Austria may bypass the European Medicines Agency when purchasing a Russian vaccine. Brussels warned Vienna.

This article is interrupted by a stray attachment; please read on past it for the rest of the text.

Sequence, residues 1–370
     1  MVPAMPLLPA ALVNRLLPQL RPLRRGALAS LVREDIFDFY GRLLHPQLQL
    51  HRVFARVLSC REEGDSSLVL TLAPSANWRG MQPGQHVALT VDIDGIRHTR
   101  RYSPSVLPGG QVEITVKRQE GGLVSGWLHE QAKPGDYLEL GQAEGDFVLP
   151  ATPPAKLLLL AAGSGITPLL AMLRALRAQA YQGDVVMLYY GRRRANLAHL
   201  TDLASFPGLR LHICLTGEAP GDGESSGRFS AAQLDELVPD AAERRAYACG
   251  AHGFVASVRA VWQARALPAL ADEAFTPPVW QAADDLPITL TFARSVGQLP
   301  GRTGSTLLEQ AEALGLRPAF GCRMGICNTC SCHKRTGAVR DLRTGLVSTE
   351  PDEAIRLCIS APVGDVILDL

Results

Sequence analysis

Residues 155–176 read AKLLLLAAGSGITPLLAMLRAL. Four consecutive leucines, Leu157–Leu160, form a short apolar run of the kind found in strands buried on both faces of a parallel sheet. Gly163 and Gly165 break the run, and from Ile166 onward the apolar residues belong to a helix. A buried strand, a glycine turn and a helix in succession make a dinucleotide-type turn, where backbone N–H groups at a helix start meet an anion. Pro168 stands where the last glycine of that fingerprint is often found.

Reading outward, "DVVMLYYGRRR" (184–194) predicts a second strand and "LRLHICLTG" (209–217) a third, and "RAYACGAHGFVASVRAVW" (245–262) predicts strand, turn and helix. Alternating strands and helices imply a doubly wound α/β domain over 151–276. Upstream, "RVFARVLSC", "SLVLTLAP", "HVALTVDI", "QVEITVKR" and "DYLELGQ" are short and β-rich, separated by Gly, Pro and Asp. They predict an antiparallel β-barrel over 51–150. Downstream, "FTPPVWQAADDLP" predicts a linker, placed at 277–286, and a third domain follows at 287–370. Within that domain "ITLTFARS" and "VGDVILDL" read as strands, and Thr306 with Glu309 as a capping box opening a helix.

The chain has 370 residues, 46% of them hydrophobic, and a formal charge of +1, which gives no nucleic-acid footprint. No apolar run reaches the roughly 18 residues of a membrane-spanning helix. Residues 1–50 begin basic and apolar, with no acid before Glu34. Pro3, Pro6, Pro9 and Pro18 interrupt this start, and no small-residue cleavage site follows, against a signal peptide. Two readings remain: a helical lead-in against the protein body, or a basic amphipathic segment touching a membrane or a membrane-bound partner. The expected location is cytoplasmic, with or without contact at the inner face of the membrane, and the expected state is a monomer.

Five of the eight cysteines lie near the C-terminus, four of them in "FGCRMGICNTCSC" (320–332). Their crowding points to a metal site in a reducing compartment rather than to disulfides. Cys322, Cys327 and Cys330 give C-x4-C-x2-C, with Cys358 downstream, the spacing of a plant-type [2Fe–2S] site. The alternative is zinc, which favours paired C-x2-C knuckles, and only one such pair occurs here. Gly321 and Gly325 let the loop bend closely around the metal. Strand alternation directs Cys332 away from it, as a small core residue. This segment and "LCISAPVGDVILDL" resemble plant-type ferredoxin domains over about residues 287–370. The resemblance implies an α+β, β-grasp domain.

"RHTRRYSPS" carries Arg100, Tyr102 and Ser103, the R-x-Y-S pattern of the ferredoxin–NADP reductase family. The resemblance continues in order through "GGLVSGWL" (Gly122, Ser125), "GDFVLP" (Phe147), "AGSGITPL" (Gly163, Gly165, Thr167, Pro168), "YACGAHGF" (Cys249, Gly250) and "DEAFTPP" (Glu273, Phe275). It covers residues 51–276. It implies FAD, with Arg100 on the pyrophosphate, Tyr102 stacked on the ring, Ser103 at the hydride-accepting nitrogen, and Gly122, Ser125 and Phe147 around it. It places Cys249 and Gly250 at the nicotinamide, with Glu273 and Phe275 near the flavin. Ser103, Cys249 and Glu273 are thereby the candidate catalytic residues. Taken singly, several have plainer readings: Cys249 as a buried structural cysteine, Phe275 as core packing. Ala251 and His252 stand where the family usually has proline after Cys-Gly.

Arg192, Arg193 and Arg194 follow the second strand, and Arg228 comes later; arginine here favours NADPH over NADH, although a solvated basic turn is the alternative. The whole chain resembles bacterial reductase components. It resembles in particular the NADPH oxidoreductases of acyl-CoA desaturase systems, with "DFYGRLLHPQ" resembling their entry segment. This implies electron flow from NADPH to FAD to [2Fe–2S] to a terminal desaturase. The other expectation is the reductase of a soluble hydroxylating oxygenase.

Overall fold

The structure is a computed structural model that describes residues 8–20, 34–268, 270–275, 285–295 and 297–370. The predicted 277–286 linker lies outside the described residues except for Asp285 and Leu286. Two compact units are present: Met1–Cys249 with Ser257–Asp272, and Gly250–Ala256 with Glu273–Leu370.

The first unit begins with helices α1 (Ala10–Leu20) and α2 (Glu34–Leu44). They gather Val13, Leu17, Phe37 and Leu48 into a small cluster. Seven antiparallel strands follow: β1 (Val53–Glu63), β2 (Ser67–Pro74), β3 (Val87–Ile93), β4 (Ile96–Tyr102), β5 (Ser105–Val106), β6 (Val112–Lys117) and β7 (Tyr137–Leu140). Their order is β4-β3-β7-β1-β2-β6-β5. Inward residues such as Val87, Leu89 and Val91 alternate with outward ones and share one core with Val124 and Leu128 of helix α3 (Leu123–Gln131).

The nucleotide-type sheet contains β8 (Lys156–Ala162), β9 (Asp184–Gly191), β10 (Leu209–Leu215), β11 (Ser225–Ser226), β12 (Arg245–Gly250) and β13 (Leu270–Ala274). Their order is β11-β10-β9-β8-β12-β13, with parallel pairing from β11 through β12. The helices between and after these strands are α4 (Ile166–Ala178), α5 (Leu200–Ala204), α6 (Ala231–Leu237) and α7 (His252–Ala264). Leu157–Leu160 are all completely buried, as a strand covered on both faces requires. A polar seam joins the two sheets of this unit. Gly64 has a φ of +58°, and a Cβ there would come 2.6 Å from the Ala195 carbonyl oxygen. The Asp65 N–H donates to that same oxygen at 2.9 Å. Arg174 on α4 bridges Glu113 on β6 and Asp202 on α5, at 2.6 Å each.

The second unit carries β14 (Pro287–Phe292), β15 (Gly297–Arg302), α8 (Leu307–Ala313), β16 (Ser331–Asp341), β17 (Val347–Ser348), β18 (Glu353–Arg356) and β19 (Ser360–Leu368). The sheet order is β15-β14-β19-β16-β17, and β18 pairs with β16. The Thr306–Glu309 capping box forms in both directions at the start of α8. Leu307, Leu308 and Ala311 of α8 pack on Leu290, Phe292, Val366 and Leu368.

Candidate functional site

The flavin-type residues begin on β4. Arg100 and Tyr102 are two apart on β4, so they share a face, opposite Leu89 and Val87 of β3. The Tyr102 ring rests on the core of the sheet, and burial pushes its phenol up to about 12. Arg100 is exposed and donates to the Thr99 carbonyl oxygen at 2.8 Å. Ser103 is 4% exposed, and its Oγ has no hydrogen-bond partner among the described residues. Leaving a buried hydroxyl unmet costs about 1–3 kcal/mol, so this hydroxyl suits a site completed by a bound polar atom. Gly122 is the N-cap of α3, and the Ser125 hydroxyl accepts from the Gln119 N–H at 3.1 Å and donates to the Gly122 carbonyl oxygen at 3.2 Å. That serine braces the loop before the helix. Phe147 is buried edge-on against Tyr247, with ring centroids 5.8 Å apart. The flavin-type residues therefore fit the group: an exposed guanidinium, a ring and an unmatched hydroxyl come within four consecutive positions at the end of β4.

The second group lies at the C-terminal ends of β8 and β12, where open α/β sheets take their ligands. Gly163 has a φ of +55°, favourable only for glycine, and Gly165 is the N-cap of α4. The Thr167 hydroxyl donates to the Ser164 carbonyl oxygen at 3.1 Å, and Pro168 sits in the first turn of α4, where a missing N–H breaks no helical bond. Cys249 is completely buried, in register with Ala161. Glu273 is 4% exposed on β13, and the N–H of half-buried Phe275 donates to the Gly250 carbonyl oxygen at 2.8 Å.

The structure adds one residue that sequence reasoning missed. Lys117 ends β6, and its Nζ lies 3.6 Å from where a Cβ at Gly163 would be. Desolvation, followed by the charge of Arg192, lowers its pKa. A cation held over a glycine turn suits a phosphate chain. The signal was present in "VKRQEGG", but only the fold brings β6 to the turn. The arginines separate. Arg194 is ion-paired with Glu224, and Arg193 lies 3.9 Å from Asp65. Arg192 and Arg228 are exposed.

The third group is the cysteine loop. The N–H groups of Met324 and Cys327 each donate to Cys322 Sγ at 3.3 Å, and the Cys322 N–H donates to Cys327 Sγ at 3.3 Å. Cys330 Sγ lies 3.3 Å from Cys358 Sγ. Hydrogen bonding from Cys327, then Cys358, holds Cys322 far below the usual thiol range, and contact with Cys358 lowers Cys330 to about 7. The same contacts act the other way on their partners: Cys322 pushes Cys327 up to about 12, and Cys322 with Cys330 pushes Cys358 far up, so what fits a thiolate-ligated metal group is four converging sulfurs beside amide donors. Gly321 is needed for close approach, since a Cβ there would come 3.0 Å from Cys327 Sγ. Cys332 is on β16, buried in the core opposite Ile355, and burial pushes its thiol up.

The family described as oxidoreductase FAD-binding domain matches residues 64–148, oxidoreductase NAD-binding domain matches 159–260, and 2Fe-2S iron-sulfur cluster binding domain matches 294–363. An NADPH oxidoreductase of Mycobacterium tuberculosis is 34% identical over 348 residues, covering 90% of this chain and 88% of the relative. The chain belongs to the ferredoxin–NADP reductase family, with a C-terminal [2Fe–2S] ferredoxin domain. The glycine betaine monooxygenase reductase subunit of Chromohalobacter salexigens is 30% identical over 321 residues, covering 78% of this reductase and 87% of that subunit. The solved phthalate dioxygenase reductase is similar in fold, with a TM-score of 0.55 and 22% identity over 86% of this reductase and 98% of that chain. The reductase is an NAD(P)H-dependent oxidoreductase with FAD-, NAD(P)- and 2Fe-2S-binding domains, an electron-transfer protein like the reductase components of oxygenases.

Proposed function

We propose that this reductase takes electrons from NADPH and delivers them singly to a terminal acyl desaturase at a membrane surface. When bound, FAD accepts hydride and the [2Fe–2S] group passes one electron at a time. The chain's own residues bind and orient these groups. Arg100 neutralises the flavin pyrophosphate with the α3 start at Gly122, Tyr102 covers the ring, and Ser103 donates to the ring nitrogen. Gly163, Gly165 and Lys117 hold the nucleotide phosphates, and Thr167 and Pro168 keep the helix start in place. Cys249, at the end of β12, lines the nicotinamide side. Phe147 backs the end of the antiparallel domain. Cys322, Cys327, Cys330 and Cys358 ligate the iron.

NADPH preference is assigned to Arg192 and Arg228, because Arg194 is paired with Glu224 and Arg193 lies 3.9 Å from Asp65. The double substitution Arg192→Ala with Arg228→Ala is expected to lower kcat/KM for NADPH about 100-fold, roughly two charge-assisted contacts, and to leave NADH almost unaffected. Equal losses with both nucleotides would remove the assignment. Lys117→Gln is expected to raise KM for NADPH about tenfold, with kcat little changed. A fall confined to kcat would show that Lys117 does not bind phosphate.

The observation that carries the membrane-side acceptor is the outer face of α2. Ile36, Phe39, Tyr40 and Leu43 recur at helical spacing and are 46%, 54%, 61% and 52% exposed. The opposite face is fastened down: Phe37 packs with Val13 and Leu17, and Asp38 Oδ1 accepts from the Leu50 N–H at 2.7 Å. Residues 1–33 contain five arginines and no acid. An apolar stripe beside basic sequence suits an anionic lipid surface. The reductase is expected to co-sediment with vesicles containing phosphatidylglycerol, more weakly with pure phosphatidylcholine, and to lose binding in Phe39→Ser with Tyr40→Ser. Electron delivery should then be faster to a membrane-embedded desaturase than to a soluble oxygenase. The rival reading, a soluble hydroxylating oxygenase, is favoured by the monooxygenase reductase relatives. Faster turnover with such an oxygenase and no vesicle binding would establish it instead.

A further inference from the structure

The European Union is not really enthusiastic about Austria’s plans for the Vienna government to purchase a Russian vaccine that has not been approved by the European Medicines Agency (EMA), Sputnik F. Health Minister Rudolf Anchober admitted that they had received an offer from the Russian side and that they were negotiating the purchase of one million doses. He said that all options are being considered to vaccinate the Austrians against the Coronavirus as soon as possible. At the same time, he made clear that all vaccines used in Austria must be rigorously tested and effective. One of the heads of the European Medicines Agency, Christa Werthomer Hoch, at the Austrian public service channel ORF, asked EU member states in early March to refrain from licensing Sputnik V until the agency examines its safety and efficacy. He also said that the continuous evaluation of the vaccine has started, and data packages have been started from the Russian manufacturer, which are being checked against European quality, safety and efficacy standards (this is called a periodic review). If all requirements are met, the vaccine will be approved. Hungary was the first country in the European Union to use Sputnik V, ignoring the opinion of the EMA, and then Slovakia also bought a large amount of it. As former Prime Minister Igor Matovi did not coordinate his movement with coalition partners, a government crisis erupted and the prime minister resigned on Sunday. Licensing of the Russian vaccine in Germany is also a problem. Bavarian Prime Minister Marcus Söder, president of the Bavarian Christian Social Union (CSU), recently called in Passauer Neue Presse to allow Sputnik V as soon as possible, while making clear the necessity to learn lessons from past mistakes. However, he was not considering a smooth purchase of vaccines from the European Union. Bodo Ramilo, the left-wing Prime Minister of Thuringia, said he believes Germany should buy as many vaccines as possible, and he does not say so because it is a Russian vaccine. (The region’s prime minister is regularly accused of being pro-Russian.) However, it is inconceivable that Berlin will allow the Russian vaccine to bypass the EMA. The European licensing of the Russian vaccine, the delivery of the vaccine and the possibility of co-production were also discussed in a video conference Tuesday evening between Angela Merkel, French President Emmanuel Macron and President Vladimir Putin. It would be an unexpected turn for sure if Vienna took such a step. This is because Chancellor Sebastian Kurtz has repeatedly emphasized that the condition for the supply of the Russian vaccine is that the European Medicines Agency also approves its use. But he said, on Tuesday, that geopolitical factors do not play a role in purchasing the vaccine. On February 26, Curtis held direct talks with Russian President Vladimir Putin about the possible extradition of Sputnik V. After that, the relevant authorities of the two countries contacted each other. As the Austrian press writes, if the parties reach an agreement, 300,000 doses of Sputnik V could come in April, 500,000 in May and 200,000 in early June. However, the government has yet to decide whether to actually purchase the vaccine. The Vienna Ministry of Health remains skeptical about the purchase. The EMA has warned that no formal application has been received to register Sputik V in the European Union. A spokesman for the European Commission said that in the event of an emergency permit for the vaccine, “the consequences must be born.” In this case, the responsibility is no longer with the manufacturer but with the member states. As Der Standard notes, the single-dose Johnson & Johnson vaccine, of which Austria has ordered a total of 2.5 million doses, will be available in the European Union from April 19. The great advantage of the vaccine is that it can be stored at temperatures between 2 and 8 degrees Celsius. The Politico online portal noted that Chancellor Kurtz had put great pressure on the European Commission to get Austria more than the amount stipulated in the agreement. It also threatened to object to the purchase of 100 million doses of the Pfizer / BioNTech vaccine, which is due to arrive at the end of the year. The Vienna Chancellery denied this claim on the portal.